Photos and cutlines provided by Ted Wolfe.
There is a steady stream of passersby and bicyclists along the street in front of Ted Wolfe’s Chautauqua porch. A wave or greeting occasionally punctuates our conversation. Thoroughly relaxed in his familiar wicker chair, Wolfe, 77, is a man clearly comfortable in his own skin. He channels a bit of James Stewart with his laconic style. Retired for nearly 20 years from a successful corporate career as a marketing executive and board member, he has been able to indulge a number of passions, including astrophotography. Introduced to the region when he joined Welch’s corporate offices in Westfield, N.Y., Wolfe held Chautauqua dear, even as his career moved him elsewhere. He has photographed the sun many times from his Chautauqua backyard.
I was just in the backyard setting up the solar telescope, taking some shots. Daytime photography of the sun is pretty good here [in Chautauqua], actually. Look at the blue daytime sky, how clear it is. We get some really great daytime skies here. It precludes the concern for light pollution. What I do is, I will spend a couple of months, when I have the time, photographing the sun here. …
Here at Chautauqua, I cut a hole in the garage, set up a computer down in the garage. You cannot get that focus on a computer with sunlight on it. You have to have a dark environment, and that is the purpose the garage serves. Margaret Geller was here in a program a few years ago; she is an astrophysicist with the [Harvard-Smithsonian Center for Astrophysics]. I had an exhibit at Hultquist Center at the time. We reached out to her, and she came over and gave an impromptu talk based on my photographs. That was special. I do my night photography mostly from a telescope set up on a golf course in Naples [Fla.]. It is 165 feet away from my computer. I use a charge-coupled device camera. I think they were developed for cardiologists, who look for dim things in dark places. Astronomers said, “Wait, that’s what we do for a living!”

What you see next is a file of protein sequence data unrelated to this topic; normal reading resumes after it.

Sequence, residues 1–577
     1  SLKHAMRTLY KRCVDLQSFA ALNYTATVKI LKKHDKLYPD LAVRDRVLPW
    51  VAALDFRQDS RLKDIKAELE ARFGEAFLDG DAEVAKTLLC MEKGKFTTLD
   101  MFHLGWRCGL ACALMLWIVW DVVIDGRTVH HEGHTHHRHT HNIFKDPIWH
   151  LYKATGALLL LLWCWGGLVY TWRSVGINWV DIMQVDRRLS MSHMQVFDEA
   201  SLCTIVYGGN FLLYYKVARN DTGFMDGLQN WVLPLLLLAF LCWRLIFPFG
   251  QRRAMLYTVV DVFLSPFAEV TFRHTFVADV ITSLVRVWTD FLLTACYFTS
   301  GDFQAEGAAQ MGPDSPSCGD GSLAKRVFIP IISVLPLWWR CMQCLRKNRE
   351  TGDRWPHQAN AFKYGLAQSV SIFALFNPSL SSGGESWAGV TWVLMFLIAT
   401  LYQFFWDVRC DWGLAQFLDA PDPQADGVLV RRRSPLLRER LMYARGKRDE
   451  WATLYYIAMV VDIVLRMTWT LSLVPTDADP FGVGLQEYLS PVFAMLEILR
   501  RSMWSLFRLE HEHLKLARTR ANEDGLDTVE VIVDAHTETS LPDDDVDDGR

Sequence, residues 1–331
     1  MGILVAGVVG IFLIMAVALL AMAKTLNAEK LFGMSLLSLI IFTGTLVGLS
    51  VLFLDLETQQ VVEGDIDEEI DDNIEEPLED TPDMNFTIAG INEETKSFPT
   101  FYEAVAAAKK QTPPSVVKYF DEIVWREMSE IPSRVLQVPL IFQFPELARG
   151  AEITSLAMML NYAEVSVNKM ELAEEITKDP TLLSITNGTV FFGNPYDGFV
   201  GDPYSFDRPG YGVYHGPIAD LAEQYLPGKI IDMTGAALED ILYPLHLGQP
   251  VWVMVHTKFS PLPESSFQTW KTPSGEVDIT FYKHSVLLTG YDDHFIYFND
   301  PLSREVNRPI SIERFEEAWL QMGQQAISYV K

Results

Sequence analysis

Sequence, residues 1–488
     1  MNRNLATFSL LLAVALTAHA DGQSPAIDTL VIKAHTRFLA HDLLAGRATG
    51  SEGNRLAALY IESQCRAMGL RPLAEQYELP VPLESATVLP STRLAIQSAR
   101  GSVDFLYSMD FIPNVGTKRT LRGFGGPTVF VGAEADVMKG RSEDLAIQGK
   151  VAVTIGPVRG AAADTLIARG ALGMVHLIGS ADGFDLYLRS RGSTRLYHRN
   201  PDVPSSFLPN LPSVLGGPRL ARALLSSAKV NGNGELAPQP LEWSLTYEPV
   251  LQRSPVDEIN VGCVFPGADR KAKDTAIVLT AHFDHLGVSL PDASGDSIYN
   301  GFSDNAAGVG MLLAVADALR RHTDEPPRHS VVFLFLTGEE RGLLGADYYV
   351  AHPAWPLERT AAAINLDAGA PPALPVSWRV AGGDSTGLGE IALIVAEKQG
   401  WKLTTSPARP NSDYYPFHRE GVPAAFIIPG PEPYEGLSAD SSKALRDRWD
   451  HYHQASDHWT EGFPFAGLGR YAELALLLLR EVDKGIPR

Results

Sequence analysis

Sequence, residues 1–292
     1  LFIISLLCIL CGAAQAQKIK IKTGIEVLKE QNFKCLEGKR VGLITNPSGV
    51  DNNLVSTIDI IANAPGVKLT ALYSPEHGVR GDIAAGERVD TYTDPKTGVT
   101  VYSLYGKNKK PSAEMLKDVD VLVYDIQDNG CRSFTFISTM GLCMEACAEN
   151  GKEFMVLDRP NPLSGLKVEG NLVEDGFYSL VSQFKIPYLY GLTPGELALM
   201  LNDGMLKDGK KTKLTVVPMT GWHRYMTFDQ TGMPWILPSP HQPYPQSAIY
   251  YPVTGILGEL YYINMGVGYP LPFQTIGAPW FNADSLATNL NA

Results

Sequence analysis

I served in a development role here [at the Institution], and later on the board of trustees, ending around 10 years ago. Toward the end of my tenure, I had a real schedule conflict: There was going to be a close approach of Mars at the same time my last board meeting was scheduled. I had the chance to be involved in photographing the Mars approach. (Parenthetically, though there is often jealousy and tension between amateurs and professionals in photography, this is not the case in astrophotography.) So the staff at Florida Gulf Coast University in Fort Myers [Fla.], near my winter home in Naples, invited me to come down and photograph the Mars approach for them and to do the processing for them, too. So I couldn’t give up this chance and went down and did these things for them. I came back to Chautauqua a couple of weeks later, walking down the street, and one of the board members beckoned me over. “You just got back, didn’t you? We let Scott McVay [immediate past president of the Institution] go.”
Stars and Photographs
I do some exhibiting, and we now have an exhibit called “Journey to the Sun,” currently playing at the Miami [Science Museum]. I’ll bet 80 or 90 percent of all the shots in this exhibit came from here in Chautauqua. A few years ago, I had a 20-month, one-man show at the Kennedy Space Center at Cape Canaveral [Fla.]. It’s the longest-running amateur photo exhibit ever to run there. The NASA team that came to the Institution during Week One did a good job, I thought. NASA and the federal space program are under pressure now; different presidents feel different levels of passion about space discovery.